Tagged with: life moments regret today
One of the most shocking moments this week was experienced in a routine moment of rolling through the hallways of the high school where I teach, long after the kids had been excused to roam on their own accord. Just shy of my office, another teacher passed by and asked, almost mechanically, how I was. My response? Something to the nature of, “Same old.”
Really? Why did I say that?
I couldn’t believe that these were the words that came out, for what I really wanted to say was something more to the effect of, “Fantastic! Did you see that sunrise coming in this morning? Also, there is a sale on my favorite frozen burritos and I finally had a struggling student understand the pathway of blood from the heart! Not to mention that I had a fabulous workout this morning and I am truly healthy and have been for 9 whole months! I’ve had this great pop tune stuck in my head all day which makes me bounce and I am looking forward to some frozen yogurt this afternoon as well.”
From any moments of darkness that I have experienced over the past 30 years of life, I have learned, in an overwhelming manner, the power that every single moment holds for each of us. I rarely waste my time dreaming about the future, nor worrying about it for that matter either. For what life has taught me in extravagant neon lights and blaring fog horns of wisdom is that it is lived in moments of the present solely.
In the present there is no past. There is no future. There is no such thing as regret and little to infest your mind with contagious worry.
For one reason or another, we are not necessarily wired for this sort of thinking. It is not typically in one’s nature to be so immediate and present; which I absolutely see growing in each of my high school students in an alarming rate. They sit in my class dying to get out of it; they can’t wait for the class period to be over. Once the period is over, they cannot wait for their lunch, and once lunch is over they dream of the final bell at the end of the day. They long for their weekends and even more so for their summers. These absorbent minds can’t see the moment. They have grown up seeing this in their families and mentors and on television. They cannot waste being happy now; because they have to look forward to something—anything that may or may not ever exist.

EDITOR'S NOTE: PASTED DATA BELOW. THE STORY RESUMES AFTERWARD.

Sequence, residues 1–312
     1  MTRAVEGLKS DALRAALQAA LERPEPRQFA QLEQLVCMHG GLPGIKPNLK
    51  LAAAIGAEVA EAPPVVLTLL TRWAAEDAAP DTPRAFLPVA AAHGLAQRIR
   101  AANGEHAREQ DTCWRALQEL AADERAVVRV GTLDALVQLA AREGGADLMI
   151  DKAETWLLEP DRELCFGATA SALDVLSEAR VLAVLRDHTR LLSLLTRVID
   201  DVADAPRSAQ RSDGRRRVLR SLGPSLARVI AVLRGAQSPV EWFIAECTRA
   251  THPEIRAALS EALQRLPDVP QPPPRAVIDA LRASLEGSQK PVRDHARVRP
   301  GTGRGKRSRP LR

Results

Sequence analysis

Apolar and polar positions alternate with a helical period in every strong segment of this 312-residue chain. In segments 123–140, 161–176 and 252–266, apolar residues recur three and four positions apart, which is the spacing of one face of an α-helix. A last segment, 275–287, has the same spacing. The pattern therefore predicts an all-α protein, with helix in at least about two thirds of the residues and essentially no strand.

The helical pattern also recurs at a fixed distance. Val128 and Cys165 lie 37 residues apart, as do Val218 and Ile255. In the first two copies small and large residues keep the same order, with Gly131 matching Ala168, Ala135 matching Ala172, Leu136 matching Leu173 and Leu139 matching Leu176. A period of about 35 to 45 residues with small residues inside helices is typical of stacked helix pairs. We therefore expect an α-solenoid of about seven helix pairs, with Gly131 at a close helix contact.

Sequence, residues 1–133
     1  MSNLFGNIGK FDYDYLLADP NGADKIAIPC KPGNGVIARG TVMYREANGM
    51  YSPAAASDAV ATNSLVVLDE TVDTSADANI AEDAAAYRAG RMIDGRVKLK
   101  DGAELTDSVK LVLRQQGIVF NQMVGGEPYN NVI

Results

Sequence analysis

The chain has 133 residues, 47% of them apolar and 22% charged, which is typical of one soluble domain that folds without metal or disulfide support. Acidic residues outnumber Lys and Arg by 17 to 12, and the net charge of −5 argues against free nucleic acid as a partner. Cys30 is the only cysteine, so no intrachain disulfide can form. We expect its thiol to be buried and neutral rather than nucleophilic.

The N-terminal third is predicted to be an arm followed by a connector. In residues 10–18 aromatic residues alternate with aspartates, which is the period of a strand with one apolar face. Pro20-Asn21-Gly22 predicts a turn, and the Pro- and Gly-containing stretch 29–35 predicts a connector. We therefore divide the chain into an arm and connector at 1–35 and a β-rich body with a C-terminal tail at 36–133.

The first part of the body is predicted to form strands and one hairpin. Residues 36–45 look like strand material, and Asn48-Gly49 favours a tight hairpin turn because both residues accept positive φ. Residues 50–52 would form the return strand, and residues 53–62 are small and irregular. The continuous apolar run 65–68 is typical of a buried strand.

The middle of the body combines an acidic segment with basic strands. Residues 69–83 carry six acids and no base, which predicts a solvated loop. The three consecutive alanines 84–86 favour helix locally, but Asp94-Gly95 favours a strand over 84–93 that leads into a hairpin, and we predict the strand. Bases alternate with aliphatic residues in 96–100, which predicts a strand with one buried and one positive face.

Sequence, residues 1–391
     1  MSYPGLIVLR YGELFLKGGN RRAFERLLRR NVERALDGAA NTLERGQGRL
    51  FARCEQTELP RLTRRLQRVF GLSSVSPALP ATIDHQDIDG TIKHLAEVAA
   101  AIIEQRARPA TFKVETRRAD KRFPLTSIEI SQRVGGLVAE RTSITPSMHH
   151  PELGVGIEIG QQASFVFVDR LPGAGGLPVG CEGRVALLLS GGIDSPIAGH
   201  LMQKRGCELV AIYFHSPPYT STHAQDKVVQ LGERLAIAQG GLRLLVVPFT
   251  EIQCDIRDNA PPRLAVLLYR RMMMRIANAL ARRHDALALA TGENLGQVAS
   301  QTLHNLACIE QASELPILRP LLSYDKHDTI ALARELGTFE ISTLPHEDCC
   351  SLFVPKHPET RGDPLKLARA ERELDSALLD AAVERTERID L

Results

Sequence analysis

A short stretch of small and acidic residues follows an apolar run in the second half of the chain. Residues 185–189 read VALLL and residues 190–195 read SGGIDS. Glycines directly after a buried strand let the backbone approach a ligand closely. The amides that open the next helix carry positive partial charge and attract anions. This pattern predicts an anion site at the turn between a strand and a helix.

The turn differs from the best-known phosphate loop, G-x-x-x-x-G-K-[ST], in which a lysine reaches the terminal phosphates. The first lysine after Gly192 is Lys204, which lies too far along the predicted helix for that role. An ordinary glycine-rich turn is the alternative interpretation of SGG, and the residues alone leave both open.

For me, this is a horrendously ridiculous problem that has been increasingly apparent in my life. I couldn’t simply imagine always waiting for something to happen, that’s just not the way to spend your moments. The only thing that I can guarantee in my life is this very moment right NOW. I am sitting at a fairly vacant café gazing out at droopy raindrops and Easter Day traffic. My brain is connecting with my fingers almost flawlessly as I type, and I’m fairly certain there is an ever-so-slight smile pressed on my face. There is nothing beyond this moment, and I am content with that. There is nothing but a pure and powerful recognition of the present, of today.
What are you doing right NOW in this moment? Is it something that can transcend a smile and squash the fear of worry and regret? Is it something that distracts you from blindly searching for your future? Is it something that keeps you engaged with the will to simply enjoy today?
At any rate, my smile’s still here.